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A sheet of paper rests on the table top. Two opposing teams lob legal jargon back and forth across the table, staying laser focused on the document between them. The plaintiff makes their case, and the defense makes theirs. The nonstop clickity-clack of fingers on keys fills the air as the recorder captures every word, every detail.
For a moment I forgot where I was. Was this a courtroom?
No. It was an IEP meeting.
It was the first one I’d ever attended, so I was shocked by how legalistic the whole thing was.
Weren’t we talking about a child? A real-life person who we all knew and cared about?
There was no human aspect to the meeting; it was sterile, rote, mechanical. We were dissecting a document. It had become all about the sheet of paper.
Well, that and making sure no one pulled any fast ones on each other. Which everyone seemed fully convinced was going to happen. There was no trust, and we’d forgotten all familiarity.
Perhaps as a coping mechanism, I caught myself daydreaming back to what felt like a past life, where students with disabilities were treated like humans, and where educators and families partnered together to collaboratively meet the needs of the child. Where students took an active role in advocating for their own needs, sitting at the same table as the adults if the conversation was about them. (It was their education, after all.)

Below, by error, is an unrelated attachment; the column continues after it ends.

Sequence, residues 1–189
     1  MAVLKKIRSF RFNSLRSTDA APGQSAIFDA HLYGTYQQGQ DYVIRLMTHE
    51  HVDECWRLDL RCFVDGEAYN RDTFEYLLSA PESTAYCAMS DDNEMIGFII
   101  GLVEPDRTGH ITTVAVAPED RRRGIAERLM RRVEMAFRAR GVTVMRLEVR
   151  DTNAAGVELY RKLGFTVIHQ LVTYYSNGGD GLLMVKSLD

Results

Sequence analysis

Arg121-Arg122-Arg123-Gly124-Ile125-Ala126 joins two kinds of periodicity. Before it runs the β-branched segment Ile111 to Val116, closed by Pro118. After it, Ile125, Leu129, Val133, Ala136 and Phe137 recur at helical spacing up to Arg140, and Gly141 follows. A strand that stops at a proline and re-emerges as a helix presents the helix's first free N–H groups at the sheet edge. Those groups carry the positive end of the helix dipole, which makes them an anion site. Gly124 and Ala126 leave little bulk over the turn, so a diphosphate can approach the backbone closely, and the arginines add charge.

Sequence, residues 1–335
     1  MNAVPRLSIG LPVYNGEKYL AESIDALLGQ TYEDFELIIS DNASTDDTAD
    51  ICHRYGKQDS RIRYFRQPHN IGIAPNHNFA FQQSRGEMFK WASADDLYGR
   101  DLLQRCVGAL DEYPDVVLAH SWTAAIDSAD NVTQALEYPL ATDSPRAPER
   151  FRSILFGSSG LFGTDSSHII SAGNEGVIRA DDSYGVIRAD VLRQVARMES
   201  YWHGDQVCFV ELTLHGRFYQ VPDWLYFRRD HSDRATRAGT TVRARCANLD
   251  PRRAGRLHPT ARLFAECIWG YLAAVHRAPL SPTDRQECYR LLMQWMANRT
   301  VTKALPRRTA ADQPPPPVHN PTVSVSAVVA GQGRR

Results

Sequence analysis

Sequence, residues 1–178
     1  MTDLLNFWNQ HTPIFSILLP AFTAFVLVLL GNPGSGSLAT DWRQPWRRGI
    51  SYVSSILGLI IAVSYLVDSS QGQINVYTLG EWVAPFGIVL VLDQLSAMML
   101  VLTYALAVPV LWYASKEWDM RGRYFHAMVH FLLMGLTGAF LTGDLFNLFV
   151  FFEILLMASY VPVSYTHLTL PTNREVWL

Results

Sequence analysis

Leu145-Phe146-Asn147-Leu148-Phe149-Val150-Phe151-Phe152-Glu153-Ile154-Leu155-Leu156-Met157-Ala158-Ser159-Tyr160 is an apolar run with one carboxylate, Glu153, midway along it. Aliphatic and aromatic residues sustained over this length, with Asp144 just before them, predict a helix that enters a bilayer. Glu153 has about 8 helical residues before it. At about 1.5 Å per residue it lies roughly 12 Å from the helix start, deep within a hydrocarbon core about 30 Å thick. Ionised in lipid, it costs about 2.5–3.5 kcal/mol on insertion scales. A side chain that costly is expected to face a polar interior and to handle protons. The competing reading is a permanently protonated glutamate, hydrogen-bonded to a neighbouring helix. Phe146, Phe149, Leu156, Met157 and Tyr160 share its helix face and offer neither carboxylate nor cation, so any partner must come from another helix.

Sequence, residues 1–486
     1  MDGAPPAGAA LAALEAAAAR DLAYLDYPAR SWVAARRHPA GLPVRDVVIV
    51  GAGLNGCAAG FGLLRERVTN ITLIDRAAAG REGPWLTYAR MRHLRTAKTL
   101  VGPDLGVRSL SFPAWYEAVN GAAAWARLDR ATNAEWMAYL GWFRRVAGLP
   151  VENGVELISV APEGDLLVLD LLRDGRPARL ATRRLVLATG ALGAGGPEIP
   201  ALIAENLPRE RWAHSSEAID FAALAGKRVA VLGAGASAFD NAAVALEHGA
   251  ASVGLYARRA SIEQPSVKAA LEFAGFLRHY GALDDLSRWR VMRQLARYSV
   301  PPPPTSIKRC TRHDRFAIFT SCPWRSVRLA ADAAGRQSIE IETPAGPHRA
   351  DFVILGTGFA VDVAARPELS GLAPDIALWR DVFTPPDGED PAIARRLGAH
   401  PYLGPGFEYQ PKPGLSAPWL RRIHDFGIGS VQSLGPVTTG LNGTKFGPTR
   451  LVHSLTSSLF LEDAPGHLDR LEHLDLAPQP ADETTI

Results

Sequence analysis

It felt so far away. I let my mind take me back there for a moment.
Flashback to another place and time...
Being part of a school start-up team was one of the most formative experiences of my career. We had the unique opportunity to build a school basically from scratch, designing every aspect of the experience to reflect what we believed to be best for our students.
The school we were building was specifically purposed to serve students with a range of disabilities-- ADHD, Autism, and other learning differences.
Instead of IEPs, students got to know themselves by creating Learner Profiles that captured their unique learning style, regulation strategies, strengths and challenges.
Instead of high-stakes standardized testing, they curated portfolios of work that they showcased at Celebration of Learning events.
Instead of stuffy formal menus of accommodations and modifications (that rarely get followed correctly), class size was small enough that teachers could truly know the students and tailor the experience to their needs.
Instead of students with differences being suspended or expelled at disproportionate rates, we designed a school-wide positive behavior support system that met students where they were and helped them acquire the skills they needed to find success in a school setting.
But, doesn’t that sound a lot like the things that would be good for ALL kids?
It doesn’t take a diagnosis to benefit from a humanizing, student-centered education.